Does Football Need Technology?

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Yes that’s right, that old chestnut – technology in football, is it REALLY necessary?

Before we delve into discussion, it’s paramount we recognise that football, as a whole, runs contrary to the normality’s of sporting adaption. Sports often adopt the concept of ‘changing or dying’, recognizing the changing face of modern commercialism and consumer needs and altering their offerings accordingly.

But not football.

While a swirling array of sports submerge themselves into the lucrative world of broadcasting opportunities, football notably looks to maintain it’s integral stronghold of being performed ‘by the people, for the people’. Steeped in history, many argue that the game will lose some of its unique, fundamental aspects en route to the modernization of a sport that to others requires such technological advancement. Followers of such a trail of thought stem their views from the belief that a more precise game will lead to the creation of a more beautiful game. But will it? I’ve no doubt Mr. Lampard amongst other professionals will provide overwhelming evidence following the 2010 World Cup, and perhaps it is endless examples as such that have created an aura of inevitability surrounding technology, in some form, intertwining it’s way into the beautiful game.

However, who does the necessity for technology benefit? The players? The fans? Both? Or neither? This is an age-old argument that has manifested itself in a number of rule changes, and not just in football. Take the ‘no false start’ ruling in athletics for example; who does this benefit? The answer on the surface is nobody. Athletes don’t want to be disqualified, fans travel the world to view their favourite athletes – nobody attends the event in search of not viewing top athletes. The undercurrent within such influential decision-making lies in the boardrooms, money spinning investors and executives who view commercialism as a key driver of revenue. The imposition of such a ruling creates a smooth, entertaining broadcast to air to the paying public.

Is such an example applicable to football? Yes, in some sense – the recipients of technology will ultimately be football clubs whereby a decision could tilt the match, their season or in extreme cases their history. These are perhaps obvious indicators in favour of technological input, yet followers in agreement of technology cannot deny the excitement lying in human decision-making – did it cross the line? Was he/she offside? Was that really a red? These are the questions that spark debate and in essence shape the footballing world and it’s ability to create discussion wherever you are globally. If goal-line technology is implemented, will excitement regarding human interpretation be lost? Where will the technological influence end?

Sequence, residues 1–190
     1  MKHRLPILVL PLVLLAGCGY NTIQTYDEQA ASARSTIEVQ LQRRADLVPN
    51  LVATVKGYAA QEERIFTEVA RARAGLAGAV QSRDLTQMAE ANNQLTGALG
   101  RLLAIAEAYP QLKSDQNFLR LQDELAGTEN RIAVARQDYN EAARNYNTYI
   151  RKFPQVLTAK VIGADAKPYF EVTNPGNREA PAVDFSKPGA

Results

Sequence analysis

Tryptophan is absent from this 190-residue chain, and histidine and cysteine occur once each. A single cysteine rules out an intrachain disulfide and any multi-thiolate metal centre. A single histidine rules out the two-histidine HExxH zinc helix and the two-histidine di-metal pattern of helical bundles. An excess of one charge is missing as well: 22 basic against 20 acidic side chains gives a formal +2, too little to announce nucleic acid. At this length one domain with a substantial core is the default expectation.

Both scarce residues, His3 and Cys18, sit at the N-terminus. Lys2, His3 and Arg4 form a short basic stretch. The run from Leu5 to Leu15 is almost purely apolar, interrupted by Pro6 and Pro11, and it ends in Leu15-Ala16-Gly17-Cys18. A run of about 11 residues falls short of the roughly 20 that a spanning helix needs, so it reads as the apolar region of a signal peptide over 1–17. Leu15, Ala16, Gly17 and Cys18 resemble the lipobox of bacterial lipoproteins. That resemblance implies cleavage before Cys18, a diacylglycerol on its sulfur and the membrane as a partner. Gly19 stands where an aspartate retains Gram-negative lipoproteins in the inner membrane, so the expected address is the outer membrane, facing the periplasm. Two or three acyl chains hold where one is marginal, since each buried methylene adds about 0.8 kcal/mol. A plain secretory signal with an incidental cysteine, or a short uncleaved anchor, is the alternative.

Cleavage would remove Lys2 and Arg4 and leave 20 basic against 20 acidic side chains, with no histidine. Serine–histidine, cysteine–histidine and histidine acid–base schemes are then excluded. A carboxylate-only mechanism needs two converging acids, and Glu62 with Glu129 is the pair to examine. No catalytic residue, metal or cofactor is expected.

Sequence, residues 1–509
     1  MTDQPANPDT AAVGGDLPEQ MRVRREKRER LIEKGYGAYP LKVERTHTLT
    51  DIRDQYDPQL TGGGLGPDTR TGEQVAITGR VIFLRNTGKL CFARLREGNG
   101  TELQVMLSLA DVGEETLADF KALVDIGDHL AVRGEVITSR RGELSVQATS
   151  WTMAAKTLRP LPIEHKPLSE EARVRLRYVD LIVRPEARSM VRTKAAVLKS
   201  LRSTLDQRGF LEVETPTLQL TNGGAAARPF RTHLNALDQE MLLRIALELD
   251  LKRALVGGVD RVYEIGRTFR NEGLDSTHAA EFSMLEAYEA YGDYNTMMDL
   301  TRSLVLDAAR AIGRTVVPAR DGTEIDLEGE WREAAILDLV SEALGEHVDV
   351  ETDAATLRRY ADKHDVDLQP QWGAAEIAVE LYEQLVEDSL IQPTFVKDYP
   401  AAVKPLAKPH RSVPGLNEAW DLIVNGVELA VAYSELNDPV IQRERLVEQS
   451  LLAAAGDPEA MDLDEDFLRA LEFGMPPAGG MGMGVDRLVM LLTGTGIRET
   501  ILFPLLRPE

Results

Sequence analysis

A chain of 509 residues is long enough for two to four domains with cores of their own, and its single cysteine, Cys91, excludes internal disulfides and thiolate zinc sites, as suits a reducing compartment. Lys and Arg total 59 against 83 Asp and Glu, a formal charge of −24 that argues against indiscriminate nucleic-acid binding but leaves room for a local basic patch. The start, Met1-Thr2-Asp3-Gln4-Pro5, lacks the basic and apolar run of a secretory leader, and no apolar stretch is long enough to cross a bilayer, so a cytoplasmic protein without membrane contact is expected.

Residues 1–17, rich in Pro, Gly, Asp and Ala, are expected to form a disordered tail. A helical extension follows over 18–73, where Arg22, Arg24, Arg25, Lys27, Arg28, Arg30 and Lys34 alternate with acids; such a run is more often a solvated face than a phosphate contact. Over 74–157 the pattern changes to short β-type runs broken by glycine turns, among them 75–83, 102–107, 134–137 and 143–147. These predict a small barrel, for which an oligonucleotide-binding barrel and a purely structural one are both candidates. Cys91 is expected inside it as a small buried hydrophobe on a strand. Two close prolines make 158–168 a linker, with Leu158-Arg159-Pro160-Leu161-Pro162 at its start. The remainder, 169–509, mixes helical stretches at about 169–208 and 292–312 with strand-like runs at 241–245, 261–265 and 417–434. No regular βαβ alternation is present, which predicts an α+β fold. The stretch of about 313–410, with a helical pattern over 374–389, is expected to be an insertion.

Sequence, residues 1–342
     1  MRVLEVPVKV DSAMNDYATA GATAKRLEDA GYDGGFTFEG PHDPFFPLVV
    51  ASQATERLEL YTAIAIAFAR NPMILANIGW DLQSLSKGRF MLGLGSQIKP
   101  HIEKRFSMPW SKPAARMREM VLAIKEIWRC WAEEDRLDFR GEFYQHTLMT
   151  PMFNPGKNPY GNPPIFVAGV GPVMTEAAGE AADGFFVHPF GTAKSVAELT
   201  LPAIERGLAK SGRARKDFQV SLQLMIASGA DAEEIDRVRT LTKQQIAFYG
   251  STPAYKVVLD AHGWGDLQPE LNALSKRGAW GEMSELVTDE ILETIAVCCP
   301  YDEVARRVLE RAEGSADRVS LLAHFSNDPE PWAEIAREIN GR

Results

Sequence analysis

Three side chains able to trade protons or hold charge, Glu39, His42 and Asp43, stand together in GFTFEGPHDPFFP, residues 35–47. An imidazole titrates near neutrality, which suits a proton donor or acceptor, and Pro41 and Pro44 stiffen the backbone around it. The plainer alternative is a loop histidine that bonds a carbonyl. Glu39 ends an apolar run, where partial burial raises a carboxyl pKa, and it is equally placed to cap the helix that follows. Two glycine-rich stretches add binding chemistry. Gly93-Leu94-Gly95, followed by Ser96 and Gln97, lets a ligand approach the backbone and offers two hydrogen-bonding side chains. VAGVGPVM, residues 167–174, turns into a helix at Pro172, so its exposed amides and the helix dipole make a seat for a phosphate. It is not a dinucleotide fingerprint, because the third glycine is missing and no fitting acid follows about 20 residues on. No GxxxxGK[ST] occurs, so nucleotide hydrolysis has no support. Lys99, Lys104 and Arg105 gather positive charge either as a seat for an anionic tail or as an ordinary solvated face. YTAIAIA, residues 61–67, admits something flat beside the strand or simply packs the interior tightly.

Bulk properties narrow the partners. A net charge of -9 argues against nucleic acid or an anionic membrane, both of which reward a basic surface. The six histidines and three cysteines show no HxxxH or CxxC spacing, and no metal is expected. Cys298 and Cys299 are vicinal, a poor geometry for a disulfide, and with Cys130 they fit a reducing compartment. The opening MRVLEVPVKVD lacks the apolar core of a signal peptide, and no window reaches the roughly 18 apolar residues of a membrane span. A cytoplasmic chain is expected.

The inability to fulfill technological advancements throughout the footballing community is perhaps one of the major oppositions to technology. There is a certain degree of agreement that ultimately, the last thing the sport needs is two different sets of rules applicable at both ends of the performance spectrum on the basis of technological input. It could certainly be argued that the values the sport promotes, such as equality for all, suggest the requirement of a fluidity of ruling up and down the hierarchy of the footballing community, from grassroots right through to professionalism.

It is undeniable that only a positive outlook can come from recognizing the role technology can play in coming to the correct decision and of course, if taking an objective view on the sport, this is the best thing for it. Yet, those that undertake a holistic view of the permutations will recognise the potential subtractions the modernization could cause. This is typically the view UEFA have taken with the implementation of extra assistants placed on the goal line. The ambience of desperation emanating from the organisation to withhold human decision-making is clear, but when all is said and done, it only takes one incident of controversy to tip the psychological scales of the masses in favour of technology simply in order to bring the tireless feud to a close. Food for thought.

What are your opinions on the great technology in sport debate? Comment below, via our Twitter @labelonline or directly to Callum @callumldraper

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